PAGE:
Emily: Travel Mother
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Please tell us a little bit about yourself. Who you are, where you come from, when you moved to Costa Rica, etc.
My name is Emily Shea. Growing up in Maryland, US, I’d always hungered to live in faraway places – and not just in one foreign spot either – I dreamt of a vagabond life. The world offers us so much in nature, cultures and experiences, and I want to spend my life in the constant growth that travel insists. When I married and became a mother, my husband and I agreed to find a way to somehow raise our family “on the road.” After a summer “trial run” in Norway, we decided to sell everything –our house, cars, furniture, etc. – and try our luck at living abroad. We chose Costa Rica as our first stop, as it is a safe, affordable and extremely beautiful and diverse country, and not too far from our original home. We intended to stay for just three months, then venture into South America and over to Europe – but that was two years ago, and we are still in Costa Rica, just twenty minutes’ drive from where we began, actually.
When and why did you decide to start blogging about your experiences?
About a month before we moved to Costa Rica (and began our international journey), I created what is now Travel Mother with my husband. I wanted to share our adventures with my friends and family, and the grandparents especially would need to see regular photos of our two very young children. Our son was two and our daughter was only five months old when we left.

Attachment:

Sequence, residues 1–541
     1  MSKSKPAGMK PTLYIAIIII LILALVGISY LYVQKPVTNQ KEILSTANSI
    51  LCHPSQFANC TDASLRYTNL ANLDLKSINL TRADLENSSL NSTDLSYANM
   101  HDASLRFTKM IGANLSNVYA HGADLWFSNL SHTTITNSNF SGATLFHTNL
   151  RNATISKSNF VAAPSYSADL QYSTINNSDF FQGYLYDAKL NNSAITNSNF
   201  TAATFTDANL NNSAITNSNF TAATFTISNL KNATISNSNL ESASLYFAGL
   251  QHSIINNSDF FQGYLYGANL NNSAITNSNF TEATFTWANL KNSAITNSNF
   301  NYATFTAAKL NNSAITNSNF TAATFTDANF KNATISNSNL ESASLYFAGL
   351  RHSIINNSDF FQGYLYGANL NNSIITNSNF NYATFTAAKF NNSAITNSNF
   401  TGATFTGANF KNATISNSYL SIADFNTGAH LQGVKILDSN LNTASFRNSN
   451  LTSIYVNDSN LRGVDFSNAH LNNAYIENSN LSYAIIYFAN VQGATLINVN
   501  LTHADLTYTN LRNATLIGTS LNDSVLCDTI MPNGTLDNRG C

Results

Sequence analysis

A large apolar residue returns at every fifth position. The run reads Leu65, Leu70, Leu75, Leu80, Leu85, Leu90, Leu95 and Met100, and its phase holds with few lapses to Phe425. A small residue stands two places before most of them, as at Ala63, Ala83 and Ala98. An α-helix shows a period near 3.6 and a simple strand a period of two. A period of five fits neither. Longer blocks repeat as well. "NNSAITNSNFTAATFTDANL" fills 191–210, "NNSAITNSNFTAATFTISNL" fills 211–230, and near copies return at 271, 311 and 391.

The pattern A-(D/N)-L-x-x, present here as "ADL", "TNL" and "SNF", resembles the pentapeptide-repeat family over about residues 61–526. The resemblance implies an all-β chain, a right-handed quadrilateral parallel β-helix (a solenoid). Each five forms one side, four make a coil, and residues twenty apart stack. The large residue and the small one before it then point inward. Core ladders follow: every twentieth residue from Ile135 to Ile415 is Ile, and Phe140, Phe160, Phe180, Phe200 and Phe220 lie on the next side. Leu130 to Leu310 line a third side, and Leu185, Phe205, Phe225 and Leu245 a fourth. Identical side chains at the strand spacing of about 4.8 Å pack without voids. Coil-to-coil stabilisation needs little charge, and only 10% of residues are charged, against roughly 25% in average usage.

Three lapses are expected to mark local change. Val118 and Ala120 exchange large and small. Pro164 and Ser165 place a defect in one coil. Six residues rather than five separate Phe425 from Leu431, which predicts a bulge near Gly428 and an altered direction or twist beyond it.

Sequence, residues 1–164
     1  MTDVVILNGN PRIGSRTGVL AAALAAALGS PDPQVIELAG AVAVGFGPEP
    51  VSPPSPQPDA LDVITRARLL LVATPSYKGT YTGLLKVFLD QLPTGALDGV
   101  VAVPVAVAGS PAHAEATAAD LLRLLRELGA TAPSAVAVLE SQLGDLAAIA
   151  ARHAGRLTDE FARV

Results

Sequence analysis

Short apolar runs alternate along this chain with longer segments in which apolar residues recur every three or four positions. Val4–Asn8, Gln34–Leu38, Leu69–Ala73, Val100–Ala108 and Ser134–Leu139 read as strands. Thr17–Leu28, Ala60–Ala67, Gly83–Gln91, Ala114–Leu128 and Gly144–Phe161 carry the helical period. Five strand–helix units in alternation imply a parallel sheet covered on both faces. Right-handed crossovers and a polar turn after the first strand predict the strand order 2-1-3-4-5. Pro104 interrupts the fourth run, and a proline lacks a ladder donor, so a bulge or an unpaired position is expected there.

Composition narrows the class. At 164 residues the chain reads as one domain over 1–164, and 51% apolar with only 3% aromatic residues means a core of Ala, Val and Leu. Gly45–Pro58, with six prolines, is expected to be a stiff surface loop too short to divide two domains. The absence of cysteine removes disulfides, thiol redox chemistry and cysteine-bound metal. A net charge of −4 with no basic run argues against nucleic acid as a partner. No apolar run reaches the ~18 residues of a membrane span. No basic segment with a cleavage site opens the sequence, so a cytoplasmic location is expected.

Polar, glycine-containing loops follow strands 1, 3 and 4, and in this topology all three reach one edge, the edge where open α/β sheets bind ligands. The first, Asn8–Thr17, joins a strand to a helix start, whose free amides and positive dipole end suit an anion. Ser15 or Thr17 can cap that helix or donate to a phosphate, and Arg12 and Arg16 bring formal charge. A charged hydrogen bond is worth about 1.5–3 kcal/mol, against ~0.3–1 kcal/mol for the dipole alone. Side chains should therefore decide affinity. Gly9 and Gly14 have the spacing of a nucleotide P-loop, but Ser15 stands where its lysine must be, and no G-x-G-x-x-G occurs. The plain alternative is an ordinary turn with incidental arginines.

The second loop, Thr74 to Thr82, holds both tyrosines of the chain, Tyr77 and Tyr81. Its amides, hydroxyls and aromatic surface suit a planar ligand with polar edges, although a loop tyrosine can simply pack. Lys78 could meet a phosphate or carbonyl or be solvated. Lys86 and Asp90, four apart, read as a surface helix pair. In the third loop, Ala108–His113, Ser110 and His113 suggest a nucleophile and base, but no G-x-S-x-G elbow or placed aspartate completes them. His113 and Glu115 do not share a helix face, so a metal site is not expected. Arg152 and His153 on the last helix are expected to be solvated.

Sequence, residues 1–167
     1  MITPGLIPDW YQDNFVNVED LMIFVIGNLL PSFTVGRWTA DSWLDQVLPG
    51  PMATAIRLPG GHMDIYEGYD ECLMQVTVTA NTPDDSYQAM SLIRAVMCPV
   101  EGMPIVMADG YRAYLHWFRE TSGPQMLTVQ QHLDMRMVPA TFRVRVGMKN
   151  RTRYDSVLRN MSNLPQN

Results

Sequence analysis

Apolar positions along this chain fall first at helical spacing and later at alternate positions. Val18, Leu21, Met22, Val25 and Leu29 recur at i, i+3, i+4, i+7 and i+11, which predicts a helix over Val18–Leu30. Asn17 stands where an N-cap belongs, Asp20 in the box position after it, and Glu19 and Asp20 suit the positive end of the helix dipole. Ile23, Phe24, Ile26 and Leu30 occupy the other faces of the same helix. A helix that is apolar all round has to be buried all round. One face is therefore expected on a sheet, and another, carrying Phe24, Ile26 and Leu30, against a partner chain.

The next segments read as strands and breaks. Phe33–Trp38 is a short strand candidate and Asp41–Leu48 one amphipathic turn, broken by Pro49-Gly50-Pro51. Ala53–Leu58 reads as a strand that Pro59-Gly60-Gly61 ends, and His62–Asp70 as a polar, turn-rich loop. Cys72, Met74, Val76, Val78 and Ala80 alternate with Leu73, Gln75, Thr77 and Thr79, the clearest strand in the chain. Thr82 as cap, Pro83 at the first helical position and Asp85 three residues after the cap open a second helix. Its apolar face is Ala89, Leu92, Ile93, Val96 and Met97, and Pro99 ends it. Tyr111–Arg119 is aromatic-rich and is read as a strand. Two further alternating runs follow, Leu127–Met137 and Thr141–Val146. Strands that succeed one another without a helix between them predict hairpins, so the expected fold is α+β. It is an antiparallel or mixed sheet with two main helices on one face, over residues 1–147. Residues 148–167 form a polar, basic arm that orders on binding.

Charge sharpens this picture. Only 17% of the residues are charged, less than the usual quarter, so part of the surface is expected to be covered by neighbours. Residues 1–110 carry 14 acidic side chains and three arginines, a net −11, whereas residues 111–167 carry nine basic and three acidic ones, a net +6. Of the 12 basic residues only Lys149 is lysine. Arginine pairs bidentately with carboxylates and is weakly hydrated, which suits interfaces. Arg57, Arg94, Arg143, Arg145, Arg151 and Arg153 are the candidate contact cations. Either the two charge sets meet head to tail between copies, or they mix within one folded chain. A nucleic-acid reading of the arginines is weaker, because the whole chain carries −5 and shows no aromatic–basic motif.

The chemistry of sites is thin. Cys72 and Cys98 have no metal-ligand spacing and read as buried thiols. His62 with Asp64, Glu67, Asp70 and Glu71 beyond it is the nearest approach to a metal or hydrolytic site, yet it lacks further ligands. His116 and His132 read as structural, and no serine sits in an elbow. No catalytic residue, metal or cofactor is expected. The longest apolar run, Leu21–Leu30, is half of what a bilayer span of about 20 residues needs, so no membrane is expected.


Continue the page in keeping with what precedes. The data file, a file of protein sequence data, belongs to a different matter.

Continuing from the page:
Do you have any favorite blog entries of yours?
My most popular post to date is called “The Dark Side of Paradise: 9 Reasons Why You DON’T Want to Live in Costa Rica.” I wrote it when I had a burst of cheeky, sarcastic energy flowing through me. I wanted to express my gratitude for the country we couldn’t seem to part with, in a different way. Those who also adore Costa Rica were enraged with the title, but shortly won over once they realized my own obvious love for “their” country.
Tell us about the ways your new life in Costa Rica differs from that back home. Did you have trouble getting used to the new circumstances? Did you experience culture shock?
Life is so enormously different here. Moving here was a massive learning experience, as we knew little Spanish when we arrived, and are used to living in a modern, consumeristic society. Boy is Costa Rica a breath of fresh air! We’ve preferred to stay in the small, rural towns of the Central Valley – a land of coffee fields, machete-wielding farms, and wandering dogs, chickens and children. Allowing the village to truly help raise my own children was definitely uncomfortable at first. People would kindly scoop up my flailing toddler in the grocery store and cradle my baby on the bus. They’d insist on even carrying my sleeping child to my destination when I was on my own with the two. What a loving, genuine and unafraid-to-socialize culture. It’s like a big family down here, and we are heartily included.
Do you think you were fully prepared for what awaited you in Costa Rica? If you could, would you change some decisions/preparations you made?
I wasn’t prepared at all, really. We didn’t do much research besides securing our first short term home rental and updating our passports. We went in to Costa Rica blind, and everything worked out fine. While it might have been helpful to seek out and join the expat community already settled in Costa Rica, I think those first few months in complete cultural submersion was just what we needed.
The only true decision I wish I could go back and change is my daughter’s place of birth. Had she been born in Costa Rica, we could all apply for residency here and not need to exit every ninety days. However, on the other hand, we’ve had some excellent trips caused by these “forced vacations.” Pura Vida, as they say here.
Every expat knows that expat life comes with some hilarious anecdotes and funny experiences. Care to share one with us?